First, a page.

U.S. DEPARTMENT OF THE INTERIORBUREAU OF LAND MANAGEMENT
 
Print Page
Science and Children >  > Mountains Majesty > Activity: Rivers Run From It 
Mountains Majesty

INTRODUCTION

ARTICLE

WHERE ON EARTH?

LIFE ZONES OF 
THE ROCKY 
MOUNTAINS

POSTER

CLASSROOM
ACTIVITIES

Rivers Run From It

Take a Trip

Zones of Life

Geology Rocks

Rocky Mountain Animals Then and Now

REFERENCES

Based on an article in
Science & Children Magazine,
Published by the National Science Teachers Association, Nov.-Dec. 2004







Rivers Run From It

This activity aligns with the following National Geography Standards: 1—The World in Spatial Terms: How to Use Maps and Other Geographic Representations, Tools, and Technologies to Acquire, Process, and Report Information from a Spatial Perspective.

Many of the most famous rivers in North America have their origins in the Rocky Mountains. The Rockies form the Continental Divide, which means that rivers originating there flow either to the Pacific or the Atlantic Ocean. In this activity, students will trace the paths of some Rocky Mountain rivers and then indicate the general location of the Continental Divide.

Materials needed

  • a large wall map of North America
  • access to research materials—encyclopedias, atlases, the Internet
  • blue marker

Time required: 1–2 hours for research, map activity, and discussion

Procedure

1. Divide the class into groups and assign each group to research one of the following rivers:

Arkansas
Colorado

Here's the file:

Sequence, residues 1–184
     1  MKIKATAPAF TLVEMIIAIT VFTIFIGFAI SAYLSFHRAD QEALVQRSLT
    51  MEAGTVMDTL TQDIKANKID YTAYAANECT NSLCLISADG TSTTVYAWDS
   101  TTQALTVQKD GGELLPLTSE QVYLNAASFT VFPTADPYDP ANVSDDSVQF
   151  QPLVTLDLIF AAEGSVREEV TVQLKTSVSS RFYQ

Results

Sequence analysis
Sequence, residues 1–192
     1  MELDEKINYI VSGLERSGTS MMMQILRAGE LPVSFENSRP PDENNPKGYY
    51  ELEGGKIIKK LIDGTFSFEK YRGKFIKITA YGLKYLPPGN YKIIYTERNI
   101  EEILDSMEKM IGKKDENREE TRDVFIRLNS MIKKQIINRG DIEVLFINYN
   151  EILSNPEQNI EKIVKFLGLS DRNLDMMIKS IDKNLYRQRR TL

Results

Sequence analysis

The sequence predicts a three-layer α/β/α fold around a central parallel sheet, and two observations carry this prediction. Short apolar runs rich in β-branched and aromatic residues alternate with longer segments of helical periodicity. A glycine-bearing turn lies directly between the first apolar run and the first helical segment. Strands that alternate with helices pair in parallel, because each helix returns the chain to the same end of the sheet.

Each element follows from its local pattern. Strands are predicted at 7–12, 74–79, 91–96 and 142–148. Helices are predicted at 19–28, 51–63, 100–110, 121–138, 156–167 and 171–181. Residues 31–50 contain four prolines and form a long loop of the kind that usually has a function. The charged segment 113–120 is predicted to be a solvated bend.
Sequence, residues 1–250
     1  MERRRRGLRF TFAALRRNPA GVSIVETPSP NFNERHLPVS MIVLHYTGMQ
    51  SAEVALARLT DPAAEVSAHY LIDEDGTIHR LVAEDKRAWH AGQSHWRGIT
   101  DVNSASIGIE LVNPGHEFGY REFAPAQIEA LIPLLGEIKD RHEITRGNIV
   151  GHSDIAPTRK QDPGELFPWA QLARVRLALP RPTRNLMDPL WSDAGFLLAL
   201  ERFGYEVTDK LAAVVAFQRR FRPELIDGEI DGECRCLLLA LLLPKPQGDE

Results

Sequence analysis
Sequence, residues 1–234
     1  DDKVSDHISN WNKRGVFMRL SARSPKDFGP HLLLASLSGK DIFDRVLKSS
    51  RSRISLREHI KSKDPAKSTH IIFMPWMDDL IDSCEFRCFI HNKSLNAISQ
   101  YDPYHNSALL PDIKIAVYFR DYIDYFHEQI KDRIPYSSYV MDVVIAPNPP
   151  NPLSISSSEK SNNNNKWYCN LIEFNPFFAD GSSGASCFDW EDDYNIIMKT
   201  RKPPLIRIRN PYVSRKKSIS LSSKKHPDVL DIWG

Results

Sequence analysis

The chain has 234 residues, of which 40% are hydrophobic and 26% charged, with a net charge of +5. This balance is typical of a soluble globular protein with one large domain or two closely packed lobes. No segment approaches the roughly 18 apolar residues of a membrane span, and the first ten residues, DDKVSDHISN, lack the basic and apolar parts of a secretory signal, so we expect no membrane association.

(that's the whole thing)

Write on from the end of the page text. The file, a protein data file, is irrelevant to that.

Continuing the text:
ColumbiaFraserMissouri
PlatteRio GrandeSnakeYellowstoneYukon

2. One at a time, have each group come to the map and trace the path of its river on the map with the blue marker. While one group member traces the path, another should describe the location of the river’s source, any major cities along its path, and the body of water into which the river empties. If a river empties into another river, the path of that river should be traced until it reaches a major body of water—the Pacific Ocean, the Gulf of Mexico, etc.

3. Hold a class discussion on what the Continental Divide is—the sometimes sinuous line of mountain peaks and ridges that separate waters flowing into the Pacific Ocean from those flowing into the Atlantic Ocean via the Gulf of Mexico. If your students are familiar with the concept of watersheds, try to frame this discussion in terms of two major watersheds in the United States—the Atlantic and the Pacific.

4. Then ask one or more students to approach the map and indicate where they think the Continental Divide is located. Have them explain why they chose that location.

5. Compare their guesses to a map that shows the actual location of the Divide. (See the map in the article.)


 
Last updated: 11-13-2009